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Electroantennographic And Behavioral Responses Of Workers Of The Red Imported Fire Ant, Solenopsis Invicta Buren (Hymenoptera:Formicidae) To Alarm Pheromone And Its Analogs

Posted on:2014-04-06Degree:MasterType:Thesis
Country:ChinaCandidate:D GuanFull Text:PDF
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The red imported fire ant (RIFA), Solenopsis invicta Buren (Hymenoptera: Formicidae), is a typical medical and agricultural pest. RIFA is native to Brazil, Paraguay, and Argentina in South America. In1930s, RIFA invaded southern USA through the port of Mobile, Alabama. Since then, the fire ants rapidly spread throughout the southern United States and, more recently, have been introduced to other regions of the world, including the Caribbean, Australia, New Zealand, Taiwan, Hong Kong, Macao, and China. RIFA has been listed as one of the100most dangerous alien species in the world. The figure of RIFA is in accordance with common ants. But the size of RIFA is slightly bigger. Since2004, it has invaded several provinces in the south of China, such as Guangzhou, Guangxi, Hunan, Jiangxi and Fujian. As a member of the social insects, behaviors of RIFA are mediated by pheromones. Alarm pheromones in particular have the simplest structure of all, but are not well understood. They have low molecule weights, highly volatile, and appear to be the least specific of all pheromones. In this study, workers of S. invicta were collected from Guangdong province. The chemical components of head, mandibular gland and body extract were analyzed. The electroantennographic(EAG) and behavioral responses of the workers of S. invicta to15alkylpyrazine analogs have been tested. The main results were listed as following:The alarm pheromone components of the S. invicta were extracted from head, mandibular gland and whole body of RIFA workers. These extracts were analyzed by using GC-MS technique. According to the retention time of2-ethyl-3,6-dimethylpyrazine and the Nist08database, a chemical component named4-methoxy-3,5-dimethyl-benzenamine was found.EAG tests were performed to evaluate the responses of workers of S. invicta to15odor stimuli, including the main component of alarm pheromone and its analogs. The results showed that different doses of alkylpyrazine analogs could elicit significant EAG responses from workers of S. invicta. The EAG response was dose dependent. Workers displayed the highest EAG reaction at100μg. As the dose increased to1000ug, the reaction significantly decreased. The EAG responses elicited by2,3-diethyl-5-methylpyraizne is higher than that elicited by the RIFA alarm pheromone component,2-ethyl-3,6-dimethylpyrazine. The results of alarm behavioral test with the15pyrazine analogs to the worker of S. invicta were in accordance with the EAG responses. The alarm behavioral responses of5pyrazine analogs were similar to2-ethyl-3,6-dimethylpyrazine. The dose of100ng elicited the strongest alarm reaction. Alarm behavior is one of the most obvious behaviors of ants, but it is also one of the hardest to define. In generally, there are three levels to estimate the alarm response. Initially, the ants eluted or approached the source of the alarm. Then some of the ants running with their mandibles opened. Moreover, the ants reacted to the alarm pheromone showed grooming behavior, such as biting the source of odor.Six chemical compounds were further selected for the foraging behavior test. All the six analogs could all enhance the bait discovery efficiency, but no significant difference among these six compounds. The samples injected onto filter paper disc along with food bait could attract more workers than the samples impregnated into the food bait.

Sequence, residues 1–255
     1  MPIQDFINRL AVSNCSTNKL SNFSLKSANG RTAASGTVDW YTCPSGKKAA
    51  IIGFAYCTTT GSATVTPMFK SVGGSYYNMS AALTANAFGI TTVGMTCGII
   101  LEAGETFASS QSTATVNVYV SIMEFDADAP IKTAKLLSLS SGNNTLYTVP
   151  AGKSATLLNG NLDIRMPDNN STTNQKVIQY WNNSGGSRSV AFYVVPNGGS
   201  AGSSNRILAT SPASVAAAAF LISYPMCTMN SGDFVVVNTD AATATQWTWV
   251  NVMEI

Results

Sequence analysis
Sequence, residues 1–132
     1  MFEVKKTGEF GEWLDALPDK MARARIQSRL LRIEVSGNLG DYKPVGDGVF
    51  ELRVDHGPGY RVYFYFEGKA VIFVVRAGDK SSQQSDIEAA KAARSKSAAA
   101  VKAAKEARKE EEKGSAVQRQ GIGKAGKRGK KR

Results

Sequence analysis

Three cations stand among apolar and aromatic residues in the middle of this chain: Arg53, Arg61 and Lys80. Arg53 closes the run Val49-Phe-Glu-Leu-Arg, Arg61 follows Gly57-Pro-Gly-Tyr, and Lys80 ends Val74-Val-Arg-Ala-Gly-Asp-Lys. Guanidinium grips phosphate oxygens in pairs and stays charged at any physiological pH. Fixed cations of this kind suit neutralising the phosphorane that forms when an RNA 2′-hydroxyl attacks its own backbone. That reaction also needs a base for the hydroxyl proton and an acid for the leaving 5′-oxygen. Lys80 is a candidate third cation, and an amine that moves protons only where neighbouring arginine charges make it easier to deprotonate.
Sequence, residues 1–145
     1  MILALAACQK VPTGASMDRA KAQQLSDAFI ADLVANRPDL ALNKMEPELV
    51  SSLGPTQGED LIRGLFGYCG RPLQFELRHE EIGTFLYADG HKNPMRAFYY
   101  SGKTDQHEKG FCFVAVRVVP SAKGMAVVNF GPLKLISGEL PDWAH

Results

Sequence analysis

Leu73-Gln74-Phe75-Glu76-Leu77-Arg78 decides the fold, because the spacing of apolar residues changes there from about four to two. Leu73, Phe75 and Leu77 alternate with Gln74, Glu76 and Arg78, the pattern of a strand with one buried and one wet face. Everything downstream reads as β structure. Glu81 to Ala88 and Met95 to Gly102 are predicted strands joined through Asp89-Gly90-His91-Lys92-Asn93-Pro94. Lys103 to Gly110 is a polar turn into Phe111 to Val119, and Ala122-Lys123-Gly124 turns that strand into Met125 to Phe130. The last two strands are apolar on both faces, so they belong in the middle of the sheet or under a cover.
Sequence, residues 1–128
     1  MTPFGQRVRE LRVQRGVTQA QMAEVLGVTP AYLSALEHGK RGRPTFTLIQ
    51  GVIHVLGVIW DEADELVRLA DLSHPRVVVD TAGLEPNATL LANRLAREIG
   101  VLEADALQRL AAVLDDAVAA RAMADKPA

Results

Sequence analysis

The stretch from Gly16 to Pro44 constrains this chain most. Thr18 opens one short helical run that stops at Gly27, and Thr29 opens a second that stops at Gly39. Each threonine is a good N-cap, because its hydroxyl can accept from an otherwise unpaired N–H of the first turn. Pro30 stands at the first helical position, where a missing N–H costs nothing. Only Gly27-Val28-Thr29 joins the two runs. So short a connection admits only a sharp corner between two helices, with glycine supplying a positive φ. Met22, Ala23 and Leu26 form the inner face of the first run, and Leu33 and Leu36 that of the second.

Keywords/Search Tags:Solenopsis invicta Buren, Mandibular gland, Alarm pheromone, Electroantennogram (EAG), Alarm behavior, Bait discovery bioassay
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